A triumph for transparency in defense spending came earlier this week when the Pentagon reversed its decision to classify information about funds spent on military training for the Afghan army and police. The reversal came after mainstream media joined traditional DoD allies in criticizing the decision. For instance, John McCain stated: “These are taxpayers’ dollars. Now, there may be some sensitive information, and I’ll be glad to listen to that, but a blanket censorship is not acceptable.”

At heart of the outcry over the Afghan auditor’s report was the connection between how funds are spent to support key personnel– lacking this information, it is not possible to assess whether public funds are used in responsible ways that further strategic goals. But secrecy is not the only problem in oversight of Department of Defense spending. Even where information is available, if it is not tied to engaged oversight, it can merely accumulate—much like the Pentagon’s personnel. This is the point that a recent GAO report made, which concludes that the DoD organizations it reviewed, “do not determine their personnel requirements as part of a systematic requirements-determination process, nor do they have procedures in place to ensure that they periodically reassess these requirements as outlined in DoD and other guidance.”

A more blunt summary of the report can be found in the deadline of an article on the report by the Stars and Stripes, a US news outlet focused on military affairs, “Pentagon has no handle on personnel bloat.” The article continues, “the Defense Department has not produced a realistic plan to make the cuts — and can’t say how many people it has or needs at its management headquarters.” So, despite Secretary of Defense Hegel’s request that the Pentagon cut personnel, the actual trimming was rendered nearly impossible because no one knows how big the Pentagon staff actually is.

The report from the Government Accountability Office tracks government hiring patterns from 2001 to 2013. It shows that headquarters personnel levels for the United States Office of the Secretariat of Defense, the Joint Staff, the Marine Corps, and the secretariat and staffs for the Army, Navy, and Air Force have all increased during the reviewed time period to accommodate new divisions, departments, and specializations (demonstrated in Figure 1 below). Statutory limits on department size put in place in the 1980s and 1990s have been suspended since 2002. Despite overall net increases over the time period, in most offices, staff numbers have begun to level off or decrease recently due to economic and fiscal constraints that have created pressure to more efficiently and effectively use resources allocated for personnel. The US Department of Defense (DoD) is facing a 20 percent budget cut to its spending on headquarters staff, and will need to complete a comprehensive cataloging and review of personnel and staffing requirements in order to comply. Currently the DoD does not have sufficient personnel oversight to ensure that staffing efficiently meets and matches operational needs.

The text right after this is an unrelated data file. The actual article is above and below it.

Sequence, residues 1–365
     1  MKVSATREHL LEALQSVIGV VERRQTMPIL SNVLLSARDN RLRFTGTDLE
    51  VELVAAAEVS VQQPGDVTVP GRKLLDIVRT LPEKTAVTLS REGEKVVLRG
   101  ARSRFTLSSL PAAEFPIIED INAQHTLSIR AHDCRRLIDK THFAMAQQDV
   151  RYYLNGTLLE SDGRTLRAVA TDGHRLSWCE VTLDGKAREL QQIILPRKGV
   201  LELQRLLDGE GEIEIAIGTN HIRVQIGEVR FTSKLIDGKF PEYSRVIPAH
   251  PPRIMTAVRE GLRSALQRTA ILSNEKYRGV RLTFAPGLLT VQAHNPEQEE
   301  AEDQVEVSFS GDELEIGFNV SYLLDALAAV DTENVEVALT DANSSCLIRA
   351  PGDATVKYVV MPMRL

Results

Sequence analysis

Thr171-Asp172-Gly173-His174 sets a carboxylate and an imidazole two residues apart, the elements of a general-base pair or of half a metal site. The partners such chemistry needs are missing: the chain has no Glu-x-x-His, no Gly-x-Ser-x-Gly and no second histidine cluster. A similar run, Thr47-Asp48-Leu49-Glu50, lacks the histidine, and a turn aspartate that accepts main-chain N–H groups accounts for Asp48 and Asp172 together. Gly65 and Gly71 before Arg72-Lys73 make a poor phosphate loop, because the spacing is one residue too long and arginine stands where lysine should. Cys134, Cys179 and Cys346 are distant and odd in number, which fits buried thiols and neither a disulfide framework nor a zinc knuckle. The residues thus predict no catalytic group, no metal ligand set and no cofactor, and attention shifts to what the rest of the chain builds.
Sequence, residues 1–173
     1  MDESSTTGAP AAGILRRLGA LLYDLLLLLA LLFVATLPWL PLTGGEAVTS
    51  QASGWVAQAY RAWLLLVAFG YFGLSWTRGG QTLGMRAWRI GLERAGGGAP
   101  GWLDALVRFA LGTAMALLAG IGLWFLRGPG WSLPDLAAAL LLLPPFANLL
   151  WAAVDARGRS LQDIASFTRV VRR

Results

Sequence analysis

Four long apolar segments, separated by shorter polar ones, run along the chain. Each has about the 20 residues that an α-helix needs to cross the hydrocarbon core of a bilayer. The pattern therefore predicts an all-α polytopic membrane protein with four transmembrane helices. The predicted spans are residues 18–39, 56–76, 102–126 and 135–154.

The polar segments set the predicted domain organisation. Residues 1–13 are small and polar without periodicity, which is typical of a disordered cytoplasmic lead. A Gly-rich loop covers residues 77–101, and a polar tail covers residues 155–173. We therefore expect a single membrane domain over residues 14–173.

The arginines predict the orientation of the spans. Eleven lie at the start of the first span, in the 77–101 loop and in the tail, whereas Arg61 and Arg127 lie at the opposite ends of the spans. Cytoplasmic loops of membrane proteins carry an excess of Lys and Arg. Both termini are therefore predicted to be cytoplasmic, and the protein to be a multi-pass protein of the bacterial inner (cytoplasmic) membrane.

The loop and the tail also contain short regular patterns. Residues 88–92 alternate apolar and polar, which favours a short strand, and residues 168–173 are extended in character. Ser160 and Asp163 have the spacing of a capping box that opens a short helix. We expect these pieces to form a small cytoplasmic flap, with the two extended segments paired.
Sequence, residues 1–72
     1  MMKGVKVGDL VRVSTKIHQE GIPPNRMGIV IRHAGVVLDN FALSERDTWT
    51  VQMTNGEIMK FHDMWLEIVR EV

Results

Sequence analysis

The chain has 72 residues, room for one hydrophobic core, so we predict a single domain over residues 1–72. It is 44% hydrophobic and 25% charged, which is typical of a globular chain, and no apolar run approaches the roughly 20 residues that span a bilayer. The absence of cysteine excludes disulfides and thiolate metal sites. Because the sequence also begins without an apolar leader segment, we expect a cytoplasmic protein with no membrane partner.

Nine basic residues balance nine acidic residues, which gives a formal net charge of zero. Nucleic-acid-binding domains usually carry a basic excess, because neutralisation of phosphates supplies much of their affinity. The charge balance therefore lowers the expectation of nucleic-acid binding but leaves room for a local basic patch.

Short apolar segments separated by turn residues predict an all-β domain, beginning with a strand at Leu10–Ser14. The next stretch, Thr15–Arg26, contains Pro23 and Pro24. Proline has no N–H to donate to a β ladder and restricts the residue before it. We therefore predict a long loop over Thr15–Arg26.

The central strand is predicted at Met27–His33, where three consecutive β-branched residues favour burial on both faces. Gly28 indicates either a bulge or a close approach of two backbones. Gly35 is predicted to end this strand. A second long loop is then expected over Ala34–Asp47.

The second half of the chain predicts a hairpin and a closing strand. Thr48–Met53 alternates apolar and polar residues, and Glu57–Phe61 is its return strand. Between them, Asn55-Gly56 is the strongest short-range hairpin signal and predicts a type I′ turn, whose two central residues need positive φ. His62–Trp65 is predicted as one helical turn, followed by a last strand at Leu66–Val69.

GAO_Figure 1

The GAO also concluded that the true size of DoD headquarters operations are often masked by a number of subordinate organizations that are actually performing headquarters and management functions, and estimated that 55 to 56 percent of the Office of the Secretariat of Defense headquarters workforce is comprised of full-time contract workers (demonstrated in Figure 2 below). Given the relatively high cost of contractor salaries as compared with regularly hired government staff and other concerns raised by contracting out government services, one option for reducing the DoD headquarters personnel budget would be to actively replace contractor positions with DoD direct hires. In the period between 2001 and 2013, the DoD hesitatingly began this process, and DoD officials reported to the GAO that some of the increase in staff levels observed during the 2001 to 2013 time period was a result of converting contractor jobs to directly hired positions. A continued effort to reduce the personnel budget and decrease the number of government positions occupied by contractors is likely to result in an increase in the number of government employees, but a decrease in spending on DoD personnel.

GAO_Figure 2

The first step in a rational downsizing operation would be to get a handle on the Pentagon’s current size and requirements. It is a sign of how supersized U.S. military and security structures are, how weak critical oversight is, and how many private firms have profited from the years of war that this task was not possible. The defense of democratic practices that rallied mainstream media and Pentagon supporters to de-classify information about U.S. support to Afghan troops ought to be the norm, rather than the exception, when it comes to defense spending.


Written by Lauren Spink and Bridget Conley-Zilkic.

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